dreary release, Ballroom Dancing. Judging from these excerpts, the
rehearsals seemed to lack any direction, and consisted of little more than instrumental
Paul spent the end of October and early November working with George
Martin at AIR Studios in London, recording material for the Rupert soundtrack.
In November, the group entered the studio to begin work on what would eventually
become Tug Of War. Committed to tape during these sessions was
"Rainclouds", a track in progress when disaster struck in early December.
Paul was ambushed by journalists leaving AIR studios after a session, and was tapped for
his reaction to John's death. His atypical, unscripted comment resulted in mountains
of bad press. Not surprisingly, little more was heard from the McCartneys in 1980.
Over the next month, for reasons which have yet to become clear, the group
concept for the next LP was scrapped, and Tug Of War became a solo project.
Paul and Linda jetted to the island of Montserrat on February 1, 1981 to commence
recording with producer George Martin and a superstar cast. Sessions at AIR Studios
(now known as Little Pile Of Ash Studios) wrapped up in early March, and Paul and Linda
returned to England. A little over a year later, on April 26, 1982, Tug Of War
finally saw release.
But back to the Wings rehearsals. As mentioned earlier, portions of
these tapes have been previously released, but even though the arrangements of several
songs are quite similar, the only previously available track from this tape is "Cut
Across Shorty" which saw release on Vigotone's Good Times Comin'. The
Wings lineup at this time still consisted of Paul, Denny Laine, Lawrence Juber, and Steve
Holly. Linda is also present but her musical contributions appear to be limited to
the occasional vocal harmony.
Disc one opens with Paul on electric guitar, attempting to loosen the
group up by running through a few oldies, punctuated by a couple of new tunes.
Opening the set is "Twenty Flight Rock", in an arrangement not unlike the one
from the 1979 tour of the UK. Next up is an extended rehearsal of "Ballroom
Dancing", which features an arrangement unbecoming of the released version.
"Ballroom Dancing" gradually dissolves and the band follows along as Paul starts
into the familiar but still unreleased "Cage". The track was apparently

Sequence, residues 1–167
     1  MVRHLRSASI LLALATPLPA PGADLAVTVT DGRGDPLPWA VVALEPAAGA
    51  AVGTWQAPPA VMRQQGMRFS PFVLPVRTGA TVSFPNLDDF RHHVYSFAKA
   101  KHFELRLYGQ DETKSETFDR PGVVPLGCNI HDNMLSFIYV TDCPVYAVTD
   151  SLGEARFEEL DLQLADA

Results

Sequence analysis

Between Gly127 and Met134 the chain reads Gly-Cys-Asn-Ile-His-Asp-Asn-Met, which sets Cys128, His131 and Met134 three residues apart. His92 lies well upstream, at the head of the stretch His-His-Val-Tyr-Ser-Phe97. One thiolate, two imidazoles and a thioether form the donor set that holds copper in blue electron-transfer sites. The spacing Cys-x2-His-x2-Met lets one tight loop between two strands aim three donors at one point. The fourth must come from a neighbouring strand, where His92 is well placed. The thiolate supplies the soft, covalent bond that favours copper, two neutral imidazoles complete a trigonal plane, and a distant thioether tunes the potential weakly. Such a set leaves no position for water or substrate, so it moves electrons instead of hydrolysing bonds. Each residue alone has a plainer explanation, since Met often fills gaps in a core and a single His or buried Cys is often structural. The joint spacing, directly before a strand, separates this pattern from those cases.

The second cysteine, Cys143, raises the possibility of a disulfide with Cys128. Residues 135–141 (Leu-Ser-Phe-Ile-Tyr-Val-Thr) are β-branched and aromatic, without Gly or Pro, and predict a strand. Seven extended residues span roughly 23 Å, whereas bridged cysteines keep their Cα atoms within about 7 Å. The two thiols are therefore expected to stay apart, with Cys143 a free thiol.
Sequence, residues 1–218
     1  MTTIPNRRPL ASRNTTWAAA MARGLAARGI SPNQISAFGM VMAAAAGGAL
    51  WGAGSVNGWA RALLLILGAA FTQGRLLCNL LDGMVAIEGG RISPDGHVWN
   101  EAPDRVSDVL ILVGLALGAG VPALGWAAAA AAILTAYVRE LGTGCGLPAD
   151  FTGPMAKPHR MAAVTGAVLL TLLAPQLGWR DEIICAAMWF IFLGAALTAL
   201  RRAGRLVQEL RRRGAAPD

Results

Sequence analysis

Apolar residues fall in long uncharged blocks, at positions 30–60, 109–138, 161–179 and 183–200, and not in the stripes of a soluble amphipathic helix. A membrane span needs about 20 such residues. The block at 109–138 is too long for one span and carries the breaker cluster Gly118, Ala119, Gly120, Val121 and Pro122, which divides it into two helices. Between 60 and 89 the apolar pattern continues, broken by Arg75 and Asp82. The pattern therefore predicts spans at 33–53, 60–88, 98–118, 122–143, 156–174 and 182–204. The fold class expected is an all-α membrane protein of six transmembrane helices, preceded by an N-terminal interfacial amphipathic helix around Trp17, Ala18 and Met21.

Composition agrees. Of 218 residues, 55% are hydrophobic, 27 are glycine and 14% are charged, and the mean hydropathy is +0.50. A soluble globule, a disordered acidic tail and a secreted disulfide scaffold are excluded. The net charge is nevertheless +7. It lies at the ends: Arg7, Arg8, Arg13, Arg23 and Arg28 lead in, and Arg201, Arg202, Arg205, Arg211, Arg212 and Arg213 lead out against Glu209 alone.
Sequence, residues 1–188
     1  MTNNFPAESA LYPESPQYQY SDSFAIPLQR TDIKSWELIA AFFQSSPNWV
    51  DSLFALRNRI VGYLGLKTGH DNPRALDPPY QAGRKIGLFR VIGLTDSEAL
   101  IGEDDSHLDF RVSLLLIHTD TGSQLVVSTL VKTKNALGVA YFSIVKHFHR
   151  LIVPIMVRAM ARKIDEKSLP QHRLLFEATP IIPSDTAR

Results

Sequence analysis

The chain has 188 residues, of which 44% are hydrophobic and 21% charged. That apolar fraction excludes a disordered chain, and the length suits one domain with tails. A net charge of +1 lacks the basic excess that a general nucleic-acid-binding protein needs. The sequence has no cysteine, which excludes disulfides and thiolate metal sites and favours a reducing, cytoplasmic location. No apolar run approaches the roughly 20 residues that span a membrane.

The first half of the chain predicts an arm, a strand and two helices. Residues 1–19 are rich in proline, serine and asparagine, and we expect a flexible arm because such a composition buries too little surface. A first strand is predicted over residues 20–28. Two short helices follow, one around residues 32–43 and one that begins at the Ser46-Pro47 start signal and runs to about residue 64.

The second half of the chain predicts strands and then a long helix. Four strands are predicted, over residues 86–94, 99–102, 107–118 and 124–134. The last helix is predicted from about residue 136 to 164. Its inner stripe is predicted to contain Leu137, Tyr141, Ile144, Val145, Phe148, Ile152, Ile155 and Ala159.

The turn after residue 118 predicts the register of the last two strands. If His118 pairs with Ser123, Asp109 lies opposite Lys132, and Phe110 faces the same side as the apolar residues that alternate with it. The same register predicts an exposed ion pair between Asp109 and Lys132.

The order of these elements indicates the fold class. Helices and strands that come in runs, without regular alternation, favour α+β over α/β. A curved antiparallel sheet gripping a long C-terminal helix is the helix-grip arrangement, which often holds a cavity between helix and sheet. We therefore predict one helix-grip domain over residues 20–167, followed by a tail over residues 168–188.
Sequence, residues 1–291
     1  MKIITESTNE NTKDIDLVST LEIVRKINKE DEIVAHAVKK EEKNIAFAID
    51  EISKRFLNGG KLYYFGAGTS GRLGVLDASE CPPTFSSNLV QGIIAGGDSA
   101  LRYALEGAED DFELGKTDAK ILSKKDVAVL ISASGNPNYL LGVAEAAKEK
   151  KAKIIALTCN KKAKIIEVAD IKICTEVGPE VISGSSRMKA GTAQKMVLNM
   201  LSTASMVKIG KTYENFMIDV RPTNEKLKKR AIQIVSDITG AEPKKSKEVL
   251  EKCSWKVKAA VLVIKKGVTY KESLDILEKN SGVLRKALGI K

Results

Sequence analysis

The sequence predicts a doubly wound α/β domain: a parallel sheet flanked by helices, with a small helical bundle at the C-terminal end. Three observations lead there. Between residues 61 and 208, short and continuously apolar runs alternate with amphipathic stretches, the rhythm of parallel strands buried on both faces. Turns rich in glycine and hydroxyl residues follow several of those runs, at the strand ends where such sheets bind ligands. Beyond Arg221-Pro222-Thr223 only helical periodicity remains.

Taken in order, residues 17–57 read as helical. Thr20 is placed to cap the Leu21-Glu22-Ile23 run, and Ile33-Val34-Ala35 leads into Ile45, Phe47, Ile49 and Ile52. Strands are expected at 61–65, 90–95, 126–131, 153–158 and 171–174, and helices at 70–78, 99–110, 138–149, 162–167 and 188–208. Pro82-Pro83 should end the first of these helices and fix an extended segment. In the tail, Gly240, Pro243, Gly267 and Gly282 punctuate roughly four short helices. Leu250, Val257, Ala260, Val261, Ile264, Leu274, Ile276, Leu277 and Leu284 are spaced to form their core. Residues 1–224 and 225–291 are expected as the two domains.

left off of Back To The Egg because of Paul's dissatisfaction with Steve Holly's
timekeeping of the track. This performance obviously didn't change his mind.
After a previously unsuccessful attempt, Paul finally coaxes the group into running
through an unreleased McCartney-Laine composition "Old Man Lovin'". This
one too never saw the light of day, and after hearing a couple of passes, one can see
why. The tape runs out and when we return it's back to the oldies. An extended
run through of "Sure To Fall (In Love With You)" is followed by an uptempo
rendition of "Movie Magg". Carl Perkins' first single on Sun
records. Two passes of the perennial "Blue Moon Of Kentucky" quickly
followed as did a lengthy workout of "Summertime" which features some George
Benson inspired vocalization from Lawrence. Next up is a medley combining a pair of
covers from the King, "Good Rockin' Tonight" and "Shake, Rattle and
Roll". The aforementioned reading of Eddie Cochran's "Cut Across
Shorty" appears here in context and is followed by a groovin' rendition of Jesse Ed
Fuller's " Stealin' Back To My Same Old Used To Be". The oldies come to an
end with Paul & Co. running through the standard "Singin' The Blues" and a
pass at Chuck Berry's "Johnny B. Goode".
When it comes to getting some work done, "Rainclouds" is the
first track out of the gate. It appears here in a country setting, as opposed to the
Gaelic reading given the commercially released version. After spending nearly thirty
minutes at the hoe-down, Paul leads the group through a painful workout of "Average
Person". As the pumping rhythm begins to fray the listeners' sensibilities,
Paul thankfully shifts gears, and turns to another track held over for Pipes Of Peace,
"Keep Under Cover". Several passes follow, as the arrangement begins to
take shape. Closing this release is an extended rehearsal of "Ebony And
Ivory" which at this stage is very close to the final version, with the exception of
the tempo and the arrangement. Paul then slips over to the drum kit and we hear a
reprised run through of "Rainclouds" before the tape unceremoniously leaders